LGBT Fostering and transgender experiences

LGBT Fostering couple

Offer something meaningful to a child in care

As a proud member agency of LGBT network New Family Social, we always celebrate and encourage those from the LGBT community and those with transgender experiences who have considered fostering to get in touch. Or if you have experiences of foster care, share your stories with us!

Communicating and sharing life experiences with care experienced young people breaks barriers and helps those discovering themselves to do so in environments that support and uplift diversity in household’s.

Fostering by nature brings individuals from various backgrounds together with the aim of improving the livlihoods of both child and foster family – in no other situation is this truer than when working with children and foster parents who have a different perspectives on gender and sexuality.

In celebration of our current carers, we caught up with CFT Foster Carer, Jake, to hear more about his life as a LGBT Foster carer with transgender experiences..

Jake’s experiences as a LGBTQIA+ foster carer

“Even as a child I had always wanted to adopt rather than have biological children. As I got older and came out as trans, having a non-biologically linked family made even more sense for me and my partner.

We knew that we could offer something meaningful to teenagers – as a youth worker and an assistant psychologist we felt we had a bit of useful knowledge and were up to taking on the challenges that such young people might present.

We first approached a fostering provider to become Foster Carers and it was a really negative experience. Everyone had been really excited to meet us and even more excited when we said we were specifically interested in fostering teenagers. But when we had a home visit and I talked about being trans, well, things quickly changed. There was a complete lack of knowledge or awareness about what being trans meant or what emotional intelligence that allowed us as a couple to bring to fostering. We are not your bog standard couple and that turned out to be a deal breaker.

After that we put fostering on the back burner for a year and then we attended a local Pride event and CFT were there. Their presence at the event gave us some hope and when we went and spoke to them they were so friendly. Having been burnt once I came out with it straight away this time and their reaction was perfect – they were far more interested in what we had to offer than my gender history. And then, once we got talking about CFT’s ethos we fell in love. For us it meant so much knowing that if a young person left us and no longer wanted a relationship they would still have CFT supporting them. It felt like a family – and that’s what it should all be about.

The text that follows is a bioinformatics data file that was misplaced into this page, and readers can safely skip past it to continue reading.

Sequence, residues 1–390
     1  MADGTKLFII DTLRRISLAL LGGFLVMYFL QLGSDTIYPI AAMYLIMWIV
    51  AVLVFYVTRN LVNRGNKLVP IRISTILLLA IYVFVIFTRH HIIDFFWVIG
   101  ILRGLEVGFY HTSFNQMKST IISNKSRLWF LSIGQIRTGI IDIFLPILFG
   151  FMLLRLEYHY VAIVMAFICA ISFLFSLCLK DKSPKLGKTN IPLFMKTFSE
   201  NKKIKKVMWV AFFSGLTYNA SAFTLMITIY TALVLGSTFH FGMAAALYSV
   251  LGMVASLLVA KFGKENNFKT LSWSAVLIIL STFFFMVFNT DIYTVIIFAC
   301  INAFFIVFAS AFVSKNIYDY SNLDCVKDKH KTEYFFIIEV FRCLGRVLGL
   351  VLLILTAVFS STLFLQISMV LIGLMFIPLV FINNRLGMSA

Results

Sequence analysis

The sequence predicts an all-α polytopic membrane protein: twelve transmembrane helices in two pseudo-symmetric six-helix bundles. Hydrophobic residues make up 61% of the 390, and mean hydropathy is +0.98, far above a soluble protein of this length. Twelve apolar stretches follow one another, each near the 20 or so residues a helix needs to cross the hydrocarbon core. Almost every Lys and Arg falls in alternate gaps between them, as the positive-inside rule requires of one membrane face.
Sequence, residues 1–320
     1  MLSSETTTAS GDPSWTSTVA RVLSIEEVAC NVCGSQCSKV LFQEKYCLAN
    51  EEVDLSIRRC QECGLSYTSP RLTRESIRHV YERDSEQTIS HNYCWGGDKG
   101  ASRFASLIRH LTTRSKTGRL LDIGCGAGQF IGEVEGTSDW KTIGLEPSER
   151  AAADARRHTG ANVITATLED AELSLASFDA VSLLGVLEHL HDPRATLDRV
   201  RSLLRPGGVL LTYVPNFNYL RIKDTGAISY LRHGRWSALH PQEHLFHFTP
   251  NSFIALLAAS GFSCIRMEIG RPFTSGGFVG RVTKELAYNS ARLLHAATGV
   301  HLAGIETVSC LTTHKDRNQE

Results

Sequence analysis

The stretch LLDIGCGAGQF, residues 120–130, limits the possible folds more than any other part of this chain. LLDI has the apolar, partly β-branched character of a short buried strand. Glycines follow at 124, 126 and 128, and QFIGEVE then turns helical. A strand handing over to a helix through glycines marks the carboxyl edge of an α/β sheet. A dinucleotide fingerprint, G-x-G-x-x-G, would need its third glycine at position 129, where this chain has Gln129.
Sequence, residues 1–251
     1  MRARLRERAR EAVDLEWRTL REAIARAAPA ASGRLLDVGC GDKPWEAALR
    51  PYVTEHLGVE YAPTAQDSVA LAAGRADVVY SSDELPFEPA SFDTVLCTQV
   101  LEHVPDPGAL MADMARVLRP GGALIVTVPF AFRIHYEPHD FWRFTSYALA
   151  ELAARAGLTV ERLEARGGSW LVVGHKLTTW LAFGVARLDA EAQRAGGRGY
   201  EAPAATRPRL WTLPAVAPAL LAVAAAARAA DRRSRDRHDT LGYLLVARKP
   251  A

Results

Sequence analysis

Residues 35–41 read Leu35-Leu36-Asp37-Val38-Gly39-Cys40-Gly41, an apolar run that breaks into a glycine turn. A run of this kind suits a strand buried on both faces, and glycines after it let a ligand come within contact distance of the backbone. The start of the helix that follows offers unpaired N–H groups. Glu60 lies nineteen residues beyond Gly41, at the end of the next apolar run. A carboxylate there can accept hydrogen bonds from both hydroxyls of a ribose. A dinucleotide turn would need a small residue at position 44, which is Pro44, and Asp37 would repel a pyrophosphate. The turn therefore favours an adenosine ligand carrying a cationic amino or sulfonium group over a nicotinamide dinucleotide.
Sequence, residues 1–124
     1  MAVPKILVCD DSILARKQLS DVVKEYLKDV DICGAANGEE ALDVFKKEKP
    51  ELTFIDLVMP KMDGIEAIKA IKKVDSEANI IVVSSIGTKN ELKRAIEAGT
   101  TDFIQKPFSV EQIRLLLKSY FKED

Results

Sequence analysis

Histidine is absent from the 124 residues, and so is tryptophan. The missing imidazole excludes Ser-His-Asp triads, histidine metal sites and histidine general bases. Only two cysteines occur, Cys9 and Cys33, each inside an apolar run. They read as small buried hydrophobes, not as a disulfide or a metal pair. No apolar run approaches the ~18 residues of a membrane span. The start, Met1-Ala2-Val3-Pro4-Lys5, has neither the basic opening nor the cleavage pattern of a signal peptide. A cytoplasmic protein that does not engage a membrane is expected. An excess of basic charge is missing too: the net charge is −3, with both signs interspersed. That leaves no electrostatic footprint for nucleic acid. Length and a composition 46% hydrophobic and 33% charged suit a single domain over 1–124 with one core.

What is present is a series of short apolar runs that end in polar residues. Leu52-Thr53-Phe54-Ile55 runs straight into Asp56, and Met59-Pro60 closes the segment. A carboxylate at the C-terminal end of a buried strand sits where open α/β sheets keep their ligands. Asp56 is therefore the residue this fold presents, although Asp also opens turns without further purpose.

The assessment was intense. But our social worker was so kind that we looked forward to seeing her. We talked through everything – good and bad. It doesn’t leave much space for privacy. But, she really listened and it felt like she got us. And when she didn’t know the right language, or how to phrase things, she just asked us. It was so refreshing to not have someone just mumbling away trying to bluff their way through.  And the rest of CFT has been the same – asking and working hard to get things right, rather than pretending they know everything.
We were approved in May last year and had expected to have some respite placements first, but in the end the perfect young person came through at the right time for us and so we are straight into a long-term placement. We could not be happier.

It’s not all sunshine and rainbows, there are hard days, as with any family, and there are battles we have been fighting for our young person too. But we can’t imagine life without him now and every single thing is worth it to see him smile and laugh.

There are not enough trans people fostering. And I know how much experience and resourcefulness the community has to offer. There are a whole load of LGBT kids in care, or kids who may grow up to be LGBT… We need some more carers out there who really get it.

You might think that your gender, sexuality, or your history might be a deal breaker, but our advice would be to keep looking until you find an agency that’s right for you and celebrates what you bring. Because those experiences don’t bar you from being a good carer, they give you valuable life experience which can help you guide and support your young person. It’s about time that, as a community, we stopped hiding our brilliance from the world and started being proud of what we can offer.”

– Jake, CFT Foster Carer

We would like to thank Jake for sharing his story with us and for helping us champion our LGBT Foster carers and people with transgender experiences.

As Jake quite rightly stated there are many children from all walks of life currently in foster care and this means that we need carers from all walks of life to join us in looking after these young people. As members of the LGBT+ community you can provide young people with a foundation that can frame their experiences throughout their lives – Having like-minded foster families can make all the difference to a vulnerable young person who may be questioning their identity.

We would like to encourage anyone who may be considering fostering to get in touch with us for a confidential chat with a member of our friendly team. We would be happy to answer any questions that you may have. You can do this by calling us on 0300 111 1945 or using our contact form – contact us

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